Did you ever have to (or choose to) read Gulliver’s Travels? I remember slogging through it in school, and later, after I’d gained an appreciation for the book as proto-science fiction, forcing students to slog through it. I’ve since abandoned it as a text I use in class, but certain ideas still resonate. The Houyhnhnms, the race of horses more intelligent than the humans (Yahoos), were one of the first intelligent “alien” or non-human species ever imagined, and thus set the stage for smart aliens and robots. The other is Laputa, the floating island Gulliver visits. Since then, sci-fi has used the floating city concept more than a few times, and while the idea might seem outrageous, it may be yet another sci-fi invention that comes to fruition in real life, thanks to students at Rice University. [Okay, so it floats on the water rather than in the air, but one step at a time. – Ed.]
Fourth-year architecture students took on a project inspired by Brazil’s oil industry, which revolves around off-shore oil platforms located almost 400 miles from the coast. The oil platforms there are difficult to access — almost too far for most helicopters, and expensive no matter what kind of transportation is used. Brazilian oil company Petrobras has been looking for a way to make that oil more accessible, particularly for its employees.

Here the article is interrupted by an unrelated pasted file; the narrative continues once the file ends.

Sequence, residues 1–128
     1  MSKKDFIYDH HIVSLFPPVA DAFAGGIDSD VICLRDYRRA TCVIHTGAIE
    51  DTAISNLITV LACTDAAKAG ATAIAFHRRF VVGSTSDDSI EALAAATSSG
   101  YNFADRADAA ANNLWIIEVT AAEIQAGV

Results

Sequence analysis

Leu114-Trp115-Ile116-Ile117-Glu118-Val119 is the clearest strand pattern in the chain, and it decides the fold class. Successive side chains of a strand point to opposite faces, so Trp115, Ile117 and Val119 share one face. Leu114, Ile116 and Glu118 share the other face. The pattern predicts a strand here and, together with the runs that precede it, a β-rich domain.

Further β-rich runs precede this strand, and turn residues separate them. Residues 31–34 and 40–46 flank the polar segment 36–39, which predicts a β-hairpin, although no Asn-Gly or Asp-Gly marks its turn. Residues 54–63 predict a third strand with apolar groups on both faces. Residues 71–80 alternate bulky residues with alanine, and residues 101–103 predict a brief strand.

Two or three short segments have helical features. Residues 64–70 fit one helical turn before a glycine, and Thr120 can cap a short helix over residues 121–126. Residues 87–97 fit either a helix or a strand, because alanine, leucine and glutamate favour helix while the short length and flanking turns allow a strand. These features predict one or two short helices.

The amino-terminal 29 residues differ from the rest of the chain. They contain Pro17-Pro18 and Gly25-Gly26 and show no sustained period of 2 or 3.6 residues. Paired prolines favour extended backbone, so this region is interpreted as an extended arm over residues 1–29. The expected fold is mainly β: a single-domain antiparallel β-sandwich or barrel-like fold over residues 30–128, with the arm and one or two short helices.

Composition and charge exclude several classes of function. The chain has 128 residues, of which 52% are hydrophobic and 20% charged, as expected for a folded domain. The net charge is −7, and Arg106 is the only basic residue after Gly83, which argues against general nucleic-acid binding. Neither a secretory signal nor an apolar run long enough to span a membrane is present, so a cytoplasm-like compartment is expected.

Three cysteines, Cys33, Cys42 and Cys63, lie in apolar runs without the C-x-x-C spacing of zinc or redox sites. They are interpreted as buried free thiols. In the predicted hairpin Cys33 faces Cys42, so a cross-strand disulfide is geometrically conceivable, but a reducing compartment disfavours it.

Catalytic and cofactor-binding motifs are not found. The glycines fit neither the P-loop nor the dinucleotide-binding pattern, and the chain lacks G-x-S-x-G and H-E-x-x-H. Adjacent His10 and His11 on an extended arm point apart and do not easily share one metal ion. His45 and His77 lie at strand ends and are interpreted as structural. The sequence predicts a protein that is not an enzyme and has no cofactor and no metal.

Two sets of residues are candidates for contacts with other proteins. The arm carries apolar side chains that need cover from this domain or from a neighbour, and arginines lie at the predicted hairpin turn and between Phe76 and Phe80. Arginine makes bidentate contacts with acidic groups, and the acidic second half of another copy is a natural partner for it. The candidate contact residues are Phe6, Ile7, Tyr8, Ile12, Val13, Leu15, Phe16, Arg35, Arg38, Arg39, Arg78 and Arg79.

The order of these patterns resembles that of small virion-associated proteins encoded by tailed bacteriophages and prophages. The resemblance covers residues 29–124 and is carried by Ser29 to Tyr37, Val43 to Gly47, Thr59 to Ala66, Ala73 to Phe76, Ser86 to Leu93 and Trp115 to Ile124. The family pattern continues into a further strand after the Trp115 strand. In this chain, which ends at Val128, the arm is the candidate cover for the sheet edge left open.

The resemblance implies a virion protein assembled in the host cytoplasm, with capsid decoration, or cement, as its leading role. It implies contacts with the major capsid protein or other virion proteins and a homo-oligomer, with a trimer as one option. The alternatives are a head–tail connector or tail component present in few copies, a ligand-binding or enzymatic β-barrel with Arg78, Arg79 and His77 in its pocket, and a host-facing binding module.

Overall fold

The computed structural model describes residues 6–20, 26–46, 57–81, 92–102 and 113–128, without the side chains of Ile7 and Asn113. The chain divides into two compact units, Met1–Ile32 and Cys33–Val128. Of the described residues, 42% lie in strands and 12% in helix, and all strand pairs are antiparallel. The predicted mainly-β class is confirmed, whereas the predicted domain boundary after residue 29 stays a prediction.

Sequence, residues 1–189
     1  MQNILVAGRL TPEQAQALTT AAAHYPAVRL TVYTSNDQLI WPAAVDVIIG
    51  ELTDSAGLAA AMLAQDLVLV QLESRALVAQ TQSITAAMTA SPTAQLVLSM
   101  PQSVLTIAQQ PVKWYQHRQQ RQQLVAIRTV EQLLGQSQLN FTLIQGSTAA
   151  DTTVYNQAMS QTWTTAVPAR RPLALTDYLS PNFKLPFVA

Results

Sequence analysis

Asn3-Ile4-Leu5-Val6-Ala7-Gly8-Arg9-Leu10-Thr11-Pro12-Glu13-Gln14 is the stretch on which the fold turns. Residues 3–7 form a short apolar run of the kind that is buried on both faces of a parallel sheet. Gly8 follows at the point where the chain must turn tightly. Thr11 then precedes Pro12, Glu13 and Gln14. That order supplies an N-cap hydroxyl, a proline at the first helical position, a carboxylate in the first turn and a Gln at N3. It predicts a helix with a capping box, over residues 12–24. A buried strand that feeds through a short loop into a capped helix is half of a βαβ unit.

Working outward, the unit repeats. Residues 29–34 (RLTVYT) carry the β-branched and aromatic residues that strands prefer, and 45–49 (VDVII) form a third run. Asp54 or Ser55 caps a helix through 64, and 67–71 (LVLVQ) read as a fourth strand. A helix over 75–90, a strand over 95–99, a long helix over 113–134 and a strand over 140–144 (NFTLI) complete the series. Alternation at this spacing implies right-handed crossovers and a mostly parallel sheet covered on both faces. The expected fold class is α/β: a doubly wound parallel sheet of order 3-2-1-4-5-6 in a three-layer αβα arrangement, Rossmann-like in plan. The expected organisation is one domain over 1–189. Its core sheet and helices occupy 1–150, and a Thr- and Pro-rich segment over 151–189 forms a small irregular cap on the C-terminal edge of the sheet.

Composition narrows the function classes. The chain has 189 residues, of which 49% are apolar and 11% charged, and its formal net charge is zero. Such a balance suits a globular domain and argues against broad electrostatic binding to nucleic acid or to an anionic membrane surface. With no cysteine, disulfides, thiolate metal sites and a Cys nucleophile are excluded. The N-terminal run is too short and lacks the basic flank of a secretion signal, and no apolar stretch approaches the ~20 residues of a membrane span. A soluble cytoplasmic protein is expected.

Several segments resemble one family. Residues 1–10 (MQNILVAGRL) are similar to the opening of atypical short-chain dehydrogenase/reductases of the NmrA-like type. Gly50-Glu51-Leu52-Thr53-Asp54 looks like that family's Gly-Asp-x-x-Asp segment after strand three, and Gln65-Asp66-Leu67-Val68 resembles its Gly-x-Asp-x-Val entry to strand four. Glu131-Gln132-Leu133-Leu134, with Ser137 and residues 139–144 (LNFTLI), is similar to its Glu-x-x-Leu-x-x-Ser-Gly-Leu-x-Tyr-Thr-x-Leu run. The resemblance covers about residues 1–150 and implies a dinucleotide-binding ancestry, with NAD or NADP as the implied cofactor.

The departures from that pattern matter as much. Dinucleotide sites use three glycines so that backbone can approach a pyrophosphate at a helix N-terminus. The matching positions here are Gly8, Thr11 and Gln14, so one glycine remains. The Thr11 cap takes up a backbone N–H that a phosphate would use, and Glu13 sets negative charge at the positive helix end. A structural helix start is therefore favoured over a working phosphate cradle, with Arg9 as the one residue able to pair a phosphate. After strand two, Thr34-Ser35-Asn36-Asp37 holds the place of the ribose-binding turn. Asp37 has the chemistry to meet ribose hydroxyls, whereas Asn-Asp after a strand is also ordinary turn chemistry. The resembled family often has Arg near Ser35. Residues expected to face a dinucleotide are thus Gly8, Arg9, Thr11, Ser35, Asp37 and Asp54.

That’s where the Rice students come in. They designed a floating city comprised of man-made islands that could house up to 25,000 oil workers. Their design includes three large “hub” islands that would provide the bulk of the industrial, office, and residential centers, and 42 smaller islands that would contribute important amenities to the community, including crops and solar power. The hub islands would have apartments, schools, a hospital, and other opportunities for recreation and work, and workers could travel between islands via ferry. Some goods would have to be imported, but the floating city is designed to be largely self-sufficient.
The most impressive aspect of the design is that the islands are all man-made. All of the activities going on above the water in some ways don’t hold a candle to what has to go on below the water. The students have designed mountains of steel under the islands which can be raised and lowered using ballasts, which is how massive ships stay balanced on the water. But now, digital sensors can calibrate based on wave levels, helping to stabilize the islands.
Ideally, Petrobras wants to build these islands and make them operational within the next five years. It’s unclear whether they’ll use the entirety of the Rice students’ design or just borrow from it here and there, so we’ll have to wait and see. Either way, such a fine floating city would be worthy of Gulliver. And if you haven’t read the book, perhaps you should — after all, it comes highly recommended by Neil deGrasse Tyson.